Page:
Country music superstar Barbara Mandrell called last week to just say that she savors the memories of her fans but continues to lead a fairly quiet and happy life away from the spotlight.
And one of the things she talked about was her friendship with none other than Augusta soul music icon James Brown.
Yours truly had written to Mandrell wondering if she would do a rare interview in light of this month’s being 20 years from her farewell to show business.
Many other major artists have announced their “retirement” and have promoted their “farewell” tours, but Mandrell is one of the view to say it’s over and mean it.
Even in 2002 when Mandrell hosted an all-star tribute to gospel star Dottie Rambo, Mandrell still did not sing during the show.
It was two months before her 50th birthday that the country music legend performed her “Last Dance” concert on Oct. 23, 1997, in Nashville’s Grand Ole Opry House taped as a TV special.
Mandrell not only left a voice mail message for the call I missed at my office but phoned back a short time later to catch up for about 20 minutes before an appointment.
Our history goes back to late 1972 when she and her family band came to Augusta for three shows a night at The Country Carousel nightclub, 627 Broad St., advertised as being “for one week only.”
She would eventually sell millions of hit singles and albums, co-host the Barbara Mandrell &The Mandrell Sisters program for three seasons on the NBC network, twice be voted the Country Music Association’s Entertainer of the Year (1980, 1981) and be inducted in 2009 into the CMA’s Hall of Fame.
Her three children – Matt, Jaime and Nathan – reared with her husband Ken Dudney now have non-show-business careers of their own. The Mandrells celebrated their Golden Anniversary last May.
Jaime is hospitality director of the former Mandrell home “Fontanel” in Whites Creek, Tenn., outside Nashville, where the children grew up.
The three-stories “largest log home in the world” with its 20 rooms, 13 baths and an indoor pool now is a popular conference center and entertainment venue.
Barbara rarely pops up at public appearances, but she did agree in 2015 to co-host the fifth annual Unleashed: Dinner With Your Dog benefit with her famous sisters, Louise and Irlene, (talking, not singing) for the Nashville Humane Association at Music City’s Hutton Hotel.
Mandrell long has loved animals and frequently traveled during her career with her beloved Yorkie.
The retired superstar has many memories of her trips to Augusta performing at the downtown nightclub, Bell Auditorium and James Brown Arena.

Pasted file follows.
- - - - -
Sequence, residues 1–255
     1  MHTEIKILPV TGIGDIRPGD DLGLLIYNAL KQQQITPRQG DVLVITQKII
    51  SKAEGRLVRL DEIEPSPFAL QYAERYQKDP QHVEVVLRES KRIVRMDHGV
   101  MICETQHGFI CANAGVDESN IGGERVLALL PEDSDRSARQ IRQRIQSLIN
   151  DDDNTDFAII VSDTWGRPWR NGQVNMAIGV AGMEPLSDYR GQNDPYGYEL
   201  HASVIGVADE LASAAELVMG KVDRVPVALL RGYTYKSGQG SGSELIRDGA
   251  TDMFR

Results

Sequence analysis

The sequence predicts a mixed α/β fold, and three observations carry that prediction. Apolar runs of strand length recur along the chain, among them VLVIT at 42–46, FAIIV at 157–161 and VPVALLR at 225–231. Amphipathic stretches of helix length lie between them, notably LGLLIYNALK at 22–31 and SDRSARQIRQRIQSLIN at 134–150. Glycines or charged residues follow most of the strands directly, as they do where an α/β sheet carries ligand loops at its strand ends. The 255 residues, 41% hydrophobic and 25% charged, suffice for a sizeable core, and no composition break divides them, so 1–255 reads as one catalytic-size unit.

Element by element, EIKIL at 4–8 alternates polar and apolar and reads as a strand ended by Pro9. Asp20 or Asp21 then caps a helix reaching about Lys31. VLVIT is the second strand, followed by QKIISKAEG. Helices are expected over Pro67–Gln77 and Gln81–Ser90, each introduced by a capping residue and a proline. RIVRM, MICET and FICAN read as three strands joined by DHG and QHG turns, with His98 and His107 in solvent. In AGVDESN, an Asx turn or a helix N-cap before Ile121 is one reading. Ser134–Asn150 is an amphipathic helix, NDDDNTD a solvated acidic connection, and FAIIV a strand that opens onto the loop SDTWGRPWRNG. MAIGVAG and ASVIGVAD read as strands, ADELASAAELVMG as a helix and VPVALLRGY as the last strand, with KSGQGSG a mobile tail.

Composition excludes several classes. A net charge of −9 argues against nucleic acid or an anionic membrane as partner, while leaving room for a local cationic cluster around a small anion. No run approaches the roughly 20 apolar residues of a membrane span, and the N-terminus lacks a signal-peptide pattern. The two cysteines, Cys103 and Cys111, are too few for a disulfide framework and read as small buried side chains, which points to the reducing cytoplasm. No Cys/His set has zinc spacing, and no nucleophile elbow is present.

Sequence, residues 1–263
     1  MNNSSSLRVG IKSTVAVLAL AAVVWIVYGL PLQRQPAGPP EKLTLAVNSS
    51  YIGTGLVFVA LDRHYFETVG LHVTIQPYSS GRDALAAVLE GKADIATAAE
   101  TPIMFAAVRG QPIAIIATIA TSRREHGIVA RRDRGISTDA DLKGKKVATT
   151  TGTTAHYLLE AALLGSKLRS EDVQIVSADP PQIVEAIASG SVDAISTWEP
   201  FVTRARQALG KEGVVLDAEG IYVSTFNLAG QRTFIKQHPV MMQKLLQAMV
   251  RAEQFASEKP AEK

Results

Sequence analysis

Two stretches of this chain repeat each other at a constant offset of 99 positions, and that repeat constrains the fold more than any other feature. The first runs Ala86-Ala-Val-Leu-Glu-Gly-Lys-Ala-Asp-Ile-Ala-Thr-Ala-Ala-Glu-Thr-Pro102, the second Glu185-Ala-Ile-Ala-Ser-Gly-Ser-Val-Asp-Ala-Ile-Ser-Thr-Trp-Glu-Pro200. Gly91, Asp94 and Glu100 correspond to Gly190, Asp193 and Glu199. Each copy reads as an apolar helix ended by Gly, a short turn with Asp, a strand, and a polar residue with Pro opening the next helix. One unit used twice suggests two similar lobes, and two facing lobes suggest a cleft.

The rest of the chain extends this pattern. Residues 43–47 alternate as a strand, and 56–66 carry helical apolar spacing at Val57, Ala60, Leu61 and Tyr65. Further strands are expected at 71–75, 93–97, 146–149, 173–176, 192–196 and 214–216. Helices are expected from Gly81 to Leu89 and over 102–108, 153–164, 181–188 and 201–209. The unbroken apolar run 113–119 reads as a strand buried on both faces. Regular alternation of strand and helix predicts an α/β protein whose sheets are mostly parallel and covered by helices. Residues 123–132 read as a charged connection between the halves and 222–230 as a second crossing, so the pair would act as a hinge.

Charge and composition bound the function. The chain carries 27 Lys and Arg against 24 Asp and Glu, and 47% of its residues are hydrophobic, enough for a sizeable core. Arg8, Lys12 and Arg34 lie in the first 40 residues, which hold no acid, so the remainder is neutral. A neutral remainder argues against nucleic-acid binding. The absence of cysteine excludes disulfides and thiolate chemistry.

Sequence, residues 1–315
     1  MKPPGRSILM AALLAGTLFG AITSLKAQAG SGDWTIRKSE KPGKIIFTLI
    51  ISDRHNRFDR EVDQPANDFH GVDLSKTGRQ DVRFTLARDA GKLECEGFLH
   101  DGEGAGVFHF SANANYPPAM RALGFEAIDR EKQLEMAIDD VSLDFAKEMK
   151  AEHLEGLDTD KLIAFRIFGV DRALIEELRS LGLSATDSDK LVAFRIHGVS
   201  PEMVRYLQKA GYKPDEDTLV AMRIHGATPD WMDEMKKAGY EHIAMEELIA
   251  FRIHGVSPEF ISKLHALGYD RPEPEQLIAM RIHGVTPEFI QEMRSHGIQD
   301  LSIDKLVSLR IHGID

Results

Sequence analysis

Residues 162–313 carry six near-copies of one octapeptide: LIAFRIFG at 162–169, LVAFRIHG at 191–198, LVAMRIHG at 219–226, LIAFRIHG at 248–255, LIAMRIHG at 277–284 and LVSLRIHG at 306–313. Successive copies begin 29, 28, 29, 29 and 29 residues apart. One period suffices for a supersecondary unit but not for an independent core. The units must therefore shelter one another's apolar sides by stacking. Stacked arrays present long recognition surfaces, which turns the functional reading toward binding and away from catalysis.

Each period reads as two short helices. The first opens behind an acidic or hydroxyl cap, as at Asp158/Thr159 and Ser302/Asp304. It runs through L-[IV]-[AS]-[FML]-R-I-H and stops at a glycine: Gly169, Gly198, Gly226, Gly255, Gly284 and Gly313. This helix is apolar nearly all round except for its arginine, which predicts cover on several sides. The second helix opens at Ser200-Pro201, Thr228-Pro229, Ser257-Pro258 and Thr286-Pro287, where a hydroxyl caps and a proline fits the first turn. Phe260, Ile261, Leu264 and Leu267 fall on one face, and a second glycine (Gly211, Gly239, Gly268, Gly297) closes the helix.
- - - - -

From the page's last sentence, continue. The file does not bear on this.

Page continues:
And one of those favorite memories was being with her late father, Irby Mandrell, who was her personal manager, and mother, Mary, on her custom tour bus parked on Broad Street in front of the nightclub when there was a knock on the door.
Who should it be? None other than James Brown who wanted to say hello. He ended up visiting on the bus with the Mandrell family, and they all became lifelong good friends.
“When I think of the past, two of my joys were that I danced with Lawrence Welk once and danced with James Brown twice,” she recalled in our recent phone conversation.
“He was playing the Ryman one time, and I took my son Matt to see him. Matt then was a chef in local restaurants. Mr. Brown was sick with a cold or flu or something.
“And I was so proud that Matt took it upon himself to say to him, “What may be good for you is to have some soup.’ Matt left the building and knew what nearby restaurant to go, and he came back with some soup for Mr. Brown. It was such a kind thing for Matt to do.”
When this columnist passed Mandrell’s comments on to Brown’s daughter, Deanna Brown-Thomas, she replied, “That’s awesome! Dad loved Miss Mandrell too!”
Mandrell also has fond memories of country music star and Grovetown, Ga.-resident Terri Gibbs, who sang a duet of Dream Lover with Mandrell on her network TV show.
And Mandrell again just in August got to talk with former Augusta resident Brenda Lee at the funeral for Jo Walker-Meador, former executive director of the Country Music Association.
It was in June 1973 that Mandrell was sitting by the pool at the Uptowner motel, Eighth and Reynolds streets (now a parking lot) watching her young son, Matt, swim when she told me about her new single coming out called Midnight Oil.
Up until that time, Mandrell had been known for moderate hit singles covering soul music songs including Aretha Franklin’s Do Right Woman, Do Right Man, Joe Tex’s Show Me (A Man Who Loves A Good Woman), Otis Redding’s I’ve Been Loving You Too Long and Roy Head’s Treat Her Right which she re-did as Treat Him Right.
“It’s so different from anything I have done before,” she told me about Midnight Oil.
“It’s about a woman having an affair and cheating on her husband. I feel it is either going to be real big or real nothing. I know it’s not going to be anything in between.”
Wow, was she ever right as the song became a career-maker that helped establish Mandrell as a true legend in country music.
At the end of the taping of the Last Dance concert, Mandrell told the sold-out Opry House audience, “All of our crew, all of the Do-Rites and me, we thank you from the bottom of our heart for all of you here this evening and for all of you watching this on television.
“We thank you for letting us have the last dance with you. I want you to remember this last song that I sing, because it is exactly the song that the Do-Rites and I want to sing for you.”
And with that said, she began softly singing the ’40s ballad, “You’ll never know just how much I miss you. You’ll never know just how much I care.”
Well, 20 years after she made her public goodbyes, there are still thousands of her fans worldwide including yours truly who still miss her and still care.